Laura Seitz, Deseret News
SANDY — It may not be as glamorous as dolphin training, but an internship at the Living Planet Aquarium is just as rewarding, educational and exciting to those seeking aquatic-based careers.
Certainly more meets the eye than what the public sees in the aquarium’s tanks and exhibits. Volunteering their time for work experience and education, animal husbandry interns have backstage access with duties vital to the aquarium.
It’s up to them to ensure the animals not only stay healthy, but also happy. That means doing everything from scrubbing tanks, to hand feeding octopuses, to entertaining electric eels.
Four college-aged interns — Megan Taylor, Tiera McAdams, Alison Williams and Cami McKellar — shared their experiences working in animal husbandry at the Living Planet Aquarium, 725 E. 10600 South. They all have their own stories, their own favorite animals, and their own reasons for devoting their summer to the care of the aquarium’s aquatic creatures.
However, they all have one thing in common: They say the education and experiences their internships provide are invaluable and perfectly fit to help them achieve their dream careers.
Whether an aspiring student has an interest in marine biology, oceanography, zoology or biology in general, an animal husbandry internship grants hands-on experience vital for a career in such fields, McKellar said.
“In school you’re sitting in a classroom and listening to a professor talk, and you’ll have some fun labs and stuff, but this is like nothing I’ve ever done before,” she said. “This is like a lab all the time — and a fun one at that.”
Taylor said it would be impossible to learn what she’s learning now at the aquarium from books or lectures.
“I’ve taken all the classes, so I know about the biology and stuff. But actually taking care of the animals is a whole other ball game,” she said.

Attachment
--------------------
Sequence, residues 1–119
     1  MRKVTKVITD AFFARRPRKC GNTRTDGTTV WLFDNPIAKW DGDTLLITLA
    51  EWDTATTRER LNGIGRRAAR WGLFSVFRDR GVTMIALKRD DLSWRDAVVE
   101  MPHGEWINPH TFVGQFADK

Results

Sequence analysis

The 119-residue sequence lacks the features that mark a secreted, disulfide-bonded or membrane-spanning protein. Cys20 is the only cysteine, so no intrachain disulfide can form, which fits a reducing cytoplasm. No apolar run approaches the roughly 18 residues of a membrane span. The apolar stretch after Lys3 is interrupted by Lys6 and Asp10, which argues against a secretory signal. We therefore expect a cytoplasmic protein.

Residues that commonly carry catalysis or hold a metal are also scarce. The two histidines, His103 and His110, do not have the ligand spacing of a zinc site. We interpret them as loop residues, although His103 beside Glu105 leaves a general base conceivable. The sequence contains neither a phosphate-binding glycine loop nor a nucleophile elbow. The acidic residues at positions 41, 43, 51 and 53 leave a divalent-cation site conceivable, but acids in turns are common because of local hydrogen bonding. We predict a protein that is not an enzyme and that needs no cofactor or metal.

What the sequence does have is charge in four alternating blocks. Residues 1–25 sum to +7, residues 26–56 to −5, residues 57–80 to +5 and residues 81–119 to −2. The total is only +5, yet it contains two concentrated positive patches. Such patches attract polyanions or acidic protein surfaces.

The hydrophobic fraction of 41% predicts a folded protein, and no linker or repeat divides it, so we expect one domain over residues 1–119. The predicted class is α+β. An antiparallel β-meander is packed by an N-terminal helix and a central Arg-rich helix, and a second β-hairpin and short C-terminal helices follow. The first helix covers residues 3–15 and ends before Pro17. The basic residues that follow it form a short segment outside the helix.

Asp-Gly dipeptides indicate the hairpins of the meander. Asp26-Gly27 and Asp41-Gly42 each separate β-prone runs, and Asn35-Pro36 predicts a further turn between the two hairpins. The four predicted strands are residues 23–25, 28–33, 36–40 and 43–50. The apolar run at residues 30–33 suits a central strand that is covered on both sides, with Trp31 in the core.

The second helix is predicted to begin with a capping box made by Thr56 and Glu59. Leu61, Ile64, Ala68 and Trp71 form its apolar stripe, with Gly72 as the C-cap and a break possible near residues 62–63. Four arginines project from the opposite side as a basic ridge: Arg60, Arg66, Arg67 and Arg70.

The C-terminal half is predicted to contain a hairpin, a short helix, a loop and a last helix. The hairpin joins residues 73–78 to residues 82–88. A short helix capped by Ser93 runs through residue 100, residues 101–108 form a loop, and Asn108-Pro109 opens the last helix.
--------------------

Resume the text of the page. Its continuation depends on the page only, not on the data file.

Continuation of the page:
Interning at the aquarium takes a lot of hard work that can sometimes be messy, including jobs like cutting up frozen squid for the animals to eat, or even cleaning up after cockroaches. But it all pays off.
“It’s definitely a rewarding experience,” Williams said. “All the hard work you put in, like cleaning and prepping food and everything, is definitely worth the time you get to spend with the animals. Plus, it’s cool to see behind the scenes to see how everything works and operates, and you’re always around animals. That’s hard to turn down, really.”
McAdams said the fellow interns and aquarium employees also make the Living Planet Aquarium an enjoyable place to work.
“You can tell all the people that are here really care about the animals, and that’s my mindset, too, so it’s nice to be surrounded by people like that,” she said. “Everyone’s doing the thing they love so it’s not as hectic or crazy. Even if you’re in a bad mood, you’re doing something you love, so that makes it better.”
In addition to her animal husbandry duties, McAdams also works as an educational aquarium presenter by sharing fun animal facts with the public.
"I love being out there because I get to share it with the kids, and sometimes their faces just light up when you tell them something crazy,” she said, such as octopuses having a reputation of escaping their tanks, and that they can fit through holes as small as a quarter.
- Brooke Romney: Why we are taking the fun out...
- LDS musician Alex Boyé thrills judges on...
- New Tom and Jerry, Curious George cartoons on...
- UTubers: Lexi Walker sings national anthem at...
- Wil can fly: Utah dad photographs toddler...
- The Clean Cut: Alex Boye, Mormon Tabernacle...
- BYU Center for Animation draws bright futures...
- BYUtv announces cancellation of 'Granite...
- Brooke Romney: Why we are taking the... 42
- BYUtv announces cancellation of... 8
- Dan Liljenquist: Overcoming adversity... 7
- We're doing youth soccer wrong: The... 6
- A look at same-sex marriage reaction... 5
- Obama lauds high court decision on gay... 5
- LDS musician Alex Boyé thrills... 5
- Wil can fly: Utah dad photographs... 3